Having control over the order of elements in a list is essential when creating scripts in Grasshopper. But sometimes objects end up in a randomized order. Luckily, Grasshopper offers several ways to restore order – one of them is the ‘**Sort Along Curve**‘ component.

In this detailed guide I’ll walk you through how to use the Sort Along Curve component to sort *any *kind of geometry along a guide curve.

Let’s dive in!

## Application Example: Sorting Rectangles Along a Curve

To show you how to solve this problem I’ll use a practical application example.

Let’s say we have an unsorted set of rectangular surfaces as well as a curve that we want to sort them along.

Reasons why you might end up with unsorted elements include:

- You referenced objects from Rhino.
- You used a random-based component in your script, resulting in a loss of order.
- A component unexpectedly outputs a list with items out of order.

Whatever the case may be, the first step is to identify that they are in fact not sorted.

I referenced the rectangles to a **Surface **container component, and the guide curve to a **Curve **component.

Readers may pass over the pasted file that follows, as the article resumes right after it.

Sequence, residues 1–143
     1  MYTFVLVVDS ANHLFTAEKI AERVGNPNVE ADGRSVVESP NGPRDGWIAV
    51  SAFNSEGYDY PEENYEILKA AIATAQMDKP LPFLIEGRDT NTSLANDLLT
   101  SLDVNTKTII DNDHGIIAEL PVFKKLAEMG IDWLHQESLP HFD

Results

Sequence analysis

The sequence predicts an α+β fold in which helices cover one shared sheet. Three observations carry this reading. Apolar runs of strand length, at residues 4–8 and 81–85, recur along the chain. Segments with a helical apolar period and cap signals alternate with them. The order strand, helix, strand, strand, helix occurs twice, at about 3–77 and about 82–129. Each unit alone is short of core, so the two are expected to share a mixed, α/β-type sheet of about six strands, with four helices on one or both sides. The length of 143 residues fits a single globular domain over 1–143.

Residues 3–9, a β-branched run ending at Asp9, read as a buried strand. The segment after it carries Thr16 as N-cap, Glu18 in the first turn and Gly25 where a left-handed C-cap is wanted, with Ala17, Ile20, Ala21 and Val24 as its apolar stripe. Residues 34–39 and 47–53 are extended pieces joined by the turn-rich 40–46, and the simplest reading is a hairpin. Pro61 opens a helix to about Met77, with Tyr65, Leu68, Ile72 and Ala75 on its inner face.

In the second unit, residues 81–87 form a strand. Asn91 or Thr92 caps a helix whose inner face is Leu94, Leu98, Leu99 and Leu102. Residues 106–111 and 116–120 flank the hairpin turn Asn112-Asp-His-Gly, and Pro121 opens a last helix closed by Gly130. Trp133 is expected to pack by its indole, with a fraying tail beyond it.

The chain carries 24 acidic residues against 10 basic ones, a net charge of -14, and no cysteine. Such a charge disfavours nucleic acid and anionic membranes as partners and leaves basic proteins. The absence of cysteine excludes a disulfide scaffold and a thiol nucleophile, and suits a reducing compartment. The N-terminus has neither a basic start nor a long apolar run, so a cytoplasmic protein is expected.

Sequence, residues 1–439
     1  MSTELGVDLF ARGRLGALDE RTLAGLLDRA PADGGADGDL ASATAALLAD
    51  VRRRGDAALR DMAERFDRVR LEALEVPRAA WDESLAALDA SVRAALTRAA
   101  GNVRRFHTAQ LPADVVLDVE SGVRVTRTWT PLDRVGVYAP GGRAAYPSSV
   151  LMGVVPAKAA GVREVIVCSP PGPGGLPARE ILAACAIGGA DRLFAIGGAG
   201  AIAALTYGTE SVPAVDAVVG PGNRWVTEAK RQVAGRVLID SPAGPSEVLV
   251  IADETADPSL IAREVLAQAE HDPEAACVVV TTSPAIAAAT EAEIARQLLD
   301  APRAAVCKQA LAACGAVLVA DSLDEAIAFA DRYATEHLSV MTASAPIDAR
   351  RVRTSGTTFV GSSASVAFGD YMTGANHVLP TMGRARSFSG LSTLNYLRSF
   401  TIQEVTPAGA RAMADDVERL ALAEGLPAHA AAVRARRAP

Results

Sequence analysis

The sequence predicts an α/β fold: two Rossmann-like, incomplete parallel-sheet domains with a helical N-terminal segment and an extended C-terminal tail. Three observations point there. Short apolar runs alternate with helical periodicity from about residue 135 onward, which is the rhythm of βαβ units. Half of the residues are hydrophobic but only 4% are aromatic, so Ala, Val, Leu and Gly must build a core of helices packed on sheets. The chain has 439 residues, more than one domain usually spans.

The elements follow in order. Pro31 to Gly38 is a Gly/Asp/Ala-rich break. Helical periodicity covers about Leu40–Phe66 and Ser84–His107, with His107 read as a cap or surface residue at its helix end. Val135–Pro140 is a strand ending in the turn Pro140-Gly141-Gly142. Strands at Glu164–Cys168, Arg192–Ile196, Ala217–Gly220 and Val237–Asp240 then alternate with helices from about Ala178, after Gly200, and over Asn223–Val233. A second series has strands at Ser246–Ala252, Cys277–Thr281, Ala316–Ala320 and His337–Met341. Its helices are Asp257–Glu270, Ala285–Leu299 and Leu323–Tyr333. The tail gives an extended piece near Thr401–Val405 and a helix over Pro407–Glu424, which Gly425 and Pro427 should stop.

## Displaying the Current Order with the Point List Component

If you get an unexpected result in your script, verifying the order of the objects you’re working with should be part of your debugging process.

To check whether a list of objects is sorted or not, we can display the **index **of each object using the **Point List (Points)** component. That way we can visually check the objects’ order.

You can find it in the **‘Display’** component tab, in the **‘Vector’** group on the far right.

The **Point List (Points)** component displays the index of each input point with a number in the Rhino viewport, as shown below:

The optional **Size (S)** input allows us to control the size of the numbers in the viewport.

Like all Grasshopper components that are only used for Display purposes in the Rhino viewport, the right-hand side of the component has no outputs, just a jagged edge.

Because the **Point List (Points)** component requires a list of **points **as input, and we are dealing with rectangular ** surfaces**, we first need to generate a

**representative point**for each surface.

## Generating Points as Proxy for an Object’s Location

I’ll use the **‘Area’** component to do that.

Add the **Area **component from the **‘Surface’ **component tab, you’ll find it in the **‘Analysis’ **group.

Besides returning the surface area in its first output **Area (A)**, the **Area **component will return the **Centroid **(the **point **describing the geometric middle of the surface) of each closed curve, surface or mesh input in the **Centroid (C)** output.